Bringing all women’s health recommendations in one easy-to-navigate website

Health maintenance visits are consistently in the top ten reasons for visits to primary care physicians. The beauty and challenge of a specialty such as family medicine is trying to keep straight what care must be provided to patients of various ages. In my morning clinic last Thursday, I saw a new OB patient at 9 weeks gestation, a 6-month well-child, a 21-year-old female well-woman, and several elderly patients all for “annual exams.” 

My previous go-to apps for days like this include the excellent AHRQ ePSS, Bright Futures, Pregnancy A to Z, and Dr. Joshua Steinberg’s Health Maintenance Visit apps. We previously favorably reviewed the Agency for Healthcare Research and Quality (AHRQ) app called ePSS (electronic preventive services selector). The app includes all of the current recommendations from the United States Preventive Services Task Force (USPSTF). The recommendations from the USPSTF are routinely used by primary care providers and covered by Medicare. At times, their recommendations, such as those on prostate cancer (just revised) screening and breast cancer screening, have caused significant controversy. Overall, their strict adherence to the best available medical evidence is admirable.  

But are the above “enough” for women’s health? Wouldn’t it be nice to have all of the recommendations from USPSTF, Bright Futures, and the American College of Obstetricians and Gynecologists (ACOG) all in one place? ACOG thought so too and they teamed up with the US Department of Health and Human Services (HHS) and the Health Resources and Services Administration (HRSA) to create the new Women’s Preventive Services Initiative (WPSI). This group brought together the health maintenance recommendations specifically for women from numerous key groups into one (relatively) easy-to-navigate website/web app. The website includes a searchable well-woman chart, recommendations by category such as age, pregnancy, HIV, cancer, etc. To aid in implementation, the website includes an entire social media toolkit, handouts, and downloadable charts. The website is mobile-friendly, but there is no dedicated app, unfortunately. Using the WPSI web app, we can quickly determine which preventive services a particular woman needs based on the best available evidence.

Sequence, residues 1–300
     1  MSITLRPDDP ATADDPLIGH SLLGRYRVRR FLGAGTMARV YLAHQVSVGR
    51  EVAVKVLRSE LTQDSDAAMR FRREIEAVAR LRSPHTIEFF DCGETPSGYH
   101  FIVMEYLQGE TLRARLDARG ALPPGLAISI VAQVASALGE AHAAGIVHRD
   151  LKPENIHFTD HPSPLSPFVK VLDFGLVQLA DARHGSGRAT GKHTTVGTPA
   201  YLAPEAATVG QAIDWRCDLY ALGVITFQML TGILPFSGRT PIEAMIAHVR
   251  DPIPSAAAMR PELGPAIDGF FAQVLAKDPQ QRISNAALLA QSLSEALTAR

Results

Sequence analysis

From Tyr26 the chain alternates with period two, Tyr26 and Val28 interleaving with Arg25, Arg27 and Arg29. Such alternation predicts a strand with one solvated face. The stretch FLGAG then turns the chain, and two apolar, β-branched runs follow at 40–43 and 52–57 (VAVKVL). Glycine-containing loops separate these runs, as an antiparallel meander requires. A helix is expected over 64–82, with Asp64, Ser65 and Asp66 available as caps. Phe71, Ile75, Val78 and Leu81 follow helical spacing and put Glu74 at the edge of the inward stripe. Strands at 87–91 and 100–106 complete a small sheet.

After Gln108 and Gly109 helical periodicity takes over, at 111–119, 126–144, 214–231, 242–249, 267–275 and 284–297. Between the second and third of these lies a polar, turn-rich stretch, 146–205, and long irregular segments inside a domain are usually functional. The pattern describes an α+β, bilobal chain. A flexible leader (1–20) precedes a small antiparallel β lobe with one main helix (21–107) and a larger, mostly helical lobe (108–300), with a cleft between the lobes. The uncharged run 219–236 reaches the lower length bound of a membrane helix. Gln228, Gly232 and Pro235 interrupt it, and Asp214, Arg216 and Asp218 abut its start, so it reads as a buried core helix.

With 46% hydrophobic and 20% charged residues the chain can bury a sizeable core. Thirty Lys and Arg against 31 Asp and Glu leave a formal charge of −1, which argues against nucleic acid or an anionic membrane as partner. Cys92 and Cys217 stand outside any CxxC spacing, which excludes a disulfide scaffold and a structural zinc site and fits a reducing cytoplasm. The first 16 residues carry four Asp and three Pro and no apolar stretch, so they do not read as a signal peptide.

Evidence-based medicine

The ACOG WPSI website and web app is a joint venture between ACOG and HRSA. The app incorporates evidence-based health recommendations from ACOG, USPSTF, ACIP, IOM, and Bright Futures among others. The app is relatively easy to access and use. Some recommendations are more evidence-based than others depending on the source. Not all recommendations include a level of evidence rating or a clear reference. Some recommendations such as screening for breast cancer appear to give both the recommendation from ACOG and USPSTF without clearly delineating between the two. Some of the footnotes within the app help to clarify some of these differences, but the data is not as easy to find as it could be.

What providers would benefit from this App?

Students, residents, mid-levels, primary care, ob/GYN, internal medicine. The website is ideal for anyone who evaluates and treats women and takes care of their preventive health maintenance. 


o Free.


o Comprehensive lists of women’s preventive health recommendations

o Ability to view by subject, age, condition (i.e., pregnancy, HIV, etc.)

o Quality social media toolkit, handouts for providers and patients


o No app available, but website is mobile-friendly

o Some recommendations are more evidence-based than others. Not every recommendation comes with a level of evidence rating or clear reference

o Scrolling in the app can be cumbersome for some sections with multiple clicks/links


The Women’s Preventive Services Initiative (WPSI) web app from ACOG and HRSA bring an AHRQ/ePSS like interface to women’s health maintenance issues. The app takes the most current recommendations from reputable organizations (some recommendations more evidence-based than others) including ACOG, USPSTF, and Bright Futures and combines them into one web app. The information can be accessed in multiple ways including downloading PDFs or using the online interactive health maintenance chart. 

Overall Score

o 4.5 stars.

User Interface

o 4.5 stars.

Web-based only (mobile friendly), fairly easy to use scrolling menus and embedded hyperlinks. Some scaling issues noted on my iPhone 8 that, hopefully, they can address. 

Multimedia Usage

o 5.0 stars.

The website/web app includes numerous social media links/toolkit, interactive well-woman chart, hyperlinks embedded in the app, and PDFs to download for both providers and patients.   


o 5 stars.

Access to the website/web app is free.

Real-World Applicability

o 4.5 stars.

The Women’s Preventive Services Initiative (WPSI) from ACOG and HRSA is a potential game-changer for ensuring women’s health is addressed at the point of care. The web app/website includes “all” of the most common recommendations from ACOG, USPSTF, Bright Futures, and others in one place. My only concern is that the lack of a dedicated app and some of the issues with viewing the web app on mobile devices may discourage uptake. There also may be firewall issues with some browsers/work-related browsers as I was unable to access via any government computer/browser.

Device Used For Review

o iPhone 8 running iOS 12.4, Safari 11.0.     

Available on any web browser, no app versions available at this time.

Disclaimer: The views expressed are those of the author(s) and do not reflect the official policy of the Department of the Army, the Department of Defense or the U.S. Government.